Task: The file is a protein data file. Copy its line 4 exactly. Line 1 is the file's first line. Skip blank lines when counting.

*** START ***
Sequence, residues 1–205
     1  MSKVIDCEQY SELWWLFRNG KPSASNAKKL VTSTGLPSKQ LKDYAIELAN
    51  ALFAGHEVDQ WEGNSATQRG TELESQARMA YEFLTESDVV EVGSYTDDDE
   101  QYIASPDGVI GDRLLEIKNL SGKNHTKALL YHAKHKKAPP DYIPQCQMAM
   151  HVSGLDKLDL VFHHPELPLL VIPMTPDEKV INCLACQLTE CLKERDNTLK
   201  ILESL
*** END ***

   101  QYIASPDGVI GDRLLEIKNL SGKNHTKALL YHAKHKKAPP DYIPQCQMAM